The next story is my father’s. I could feel the raw emotion coming through the phone when he told me it. For him, it was like it had just happened this morning. He was 8 years old and was in school at Radcliffe Rd. Elementary School in Island Park, NY. He couldn’t remember exactly what time it was, but he remembers that everyone was brought into the auditorium. After a few minutes, the loudspeaker came on, and Principal Lynch made an announcement over the loudspeaker that the President had been shot. Nobody wanted to believe he was dead, but maybe they already knew. After the announcement school was dismissed early. He ran home, got his bicycle and rode up the temple. When he got there it was closed and he remembers being annoyed about it. He told me that people were crying all over town because they looked up to JFK and believed in his vision for America. Even though as an 8-year-old he couldn’t fully comprehend that a President could be assassinated, the emotions that came over him when reliving the story were just as raw today. To my father, JFK was, “The first modern day superhero.”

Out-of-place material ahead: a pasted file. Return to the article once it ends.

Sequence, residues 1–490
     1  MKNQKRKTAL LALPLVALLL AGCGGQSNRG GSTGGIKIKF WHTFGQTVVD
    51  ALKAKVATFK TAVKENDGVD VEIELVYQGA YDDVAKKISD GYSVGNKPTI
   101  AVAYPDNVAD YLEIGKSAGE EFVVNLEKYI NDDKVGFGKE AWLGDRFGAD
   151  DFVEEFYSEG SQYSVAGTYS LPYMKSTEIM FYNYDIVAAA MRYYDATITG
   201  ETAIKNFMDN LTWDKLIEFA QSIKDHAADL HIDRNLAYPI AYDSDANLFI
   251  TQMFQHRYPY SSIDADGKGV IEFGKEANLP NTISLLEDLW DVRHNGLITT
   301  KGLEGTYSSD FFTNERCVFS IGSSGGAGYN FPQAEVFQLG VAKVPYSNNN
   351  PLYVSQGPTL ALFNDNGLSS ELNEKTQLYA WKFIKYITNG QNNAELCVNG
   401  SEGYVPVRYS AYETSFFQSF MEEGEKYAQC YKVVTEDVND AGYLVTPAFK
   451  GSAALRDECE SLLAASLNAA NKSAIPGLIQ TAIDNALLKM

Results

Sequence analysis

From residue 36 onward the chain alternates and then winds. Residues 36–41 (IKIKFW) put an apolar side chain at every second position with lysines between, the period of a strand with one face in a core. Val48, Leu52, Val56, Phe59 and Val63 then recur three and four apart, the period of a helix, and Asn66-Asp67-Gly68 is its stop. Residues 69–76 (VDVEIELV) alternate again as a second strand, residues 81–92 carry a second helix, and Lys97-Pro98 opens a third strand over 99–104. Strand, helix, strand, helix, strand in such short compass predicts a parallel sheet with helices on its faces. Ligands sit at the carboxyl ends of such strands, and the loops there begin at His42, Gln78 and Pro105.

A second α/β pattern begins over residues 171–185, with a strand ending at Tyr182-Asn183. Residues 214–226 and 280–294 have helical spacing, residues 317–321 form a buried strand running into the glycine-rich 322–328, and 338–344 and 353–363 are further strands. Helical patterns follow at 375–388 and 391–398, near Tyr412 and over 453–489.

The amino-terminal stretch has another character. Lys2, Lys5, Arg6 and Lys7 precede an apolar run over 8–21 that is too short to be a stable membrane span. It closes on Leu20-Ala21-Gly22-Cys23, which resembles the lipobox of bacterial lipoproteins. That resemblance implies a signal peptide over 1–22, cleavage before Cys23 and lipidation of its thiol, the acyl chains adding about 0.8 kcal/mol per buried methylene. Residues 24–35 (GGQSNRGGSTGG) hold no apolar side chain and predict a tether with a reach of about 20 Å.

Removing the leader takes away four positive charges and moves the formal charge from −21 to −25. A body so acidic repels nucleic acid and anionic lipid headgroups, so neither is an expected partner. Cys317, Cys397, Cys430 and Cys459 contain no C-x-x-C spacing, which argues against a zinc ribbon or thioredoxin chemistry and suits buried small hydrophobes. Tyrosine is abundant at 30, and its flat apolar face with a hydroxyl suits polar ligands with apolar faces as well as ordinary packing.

I asked the fans of my Facebook page to tell their stories as well. Here are some of them. Feel free to tell your own in the comments.
- Reynolds A.: “I was in school in now what I realize must have been second grade but the event was SO shocked into my memory by the loudspeaker announcement that I remember it so vividly that I thought I must have been older (more like fifth grade).”
- Betty Jo T.: “I remember that awful day. I was living in Sevilla, Spain with my Air Force husband. A friend came over and said turn on the radio, the President has been assassinated. We listened to that sad news on Armed Forces radio.”
- Barbara P.: “High school history class. We didn’t believe our teacher when he came in to give the news.”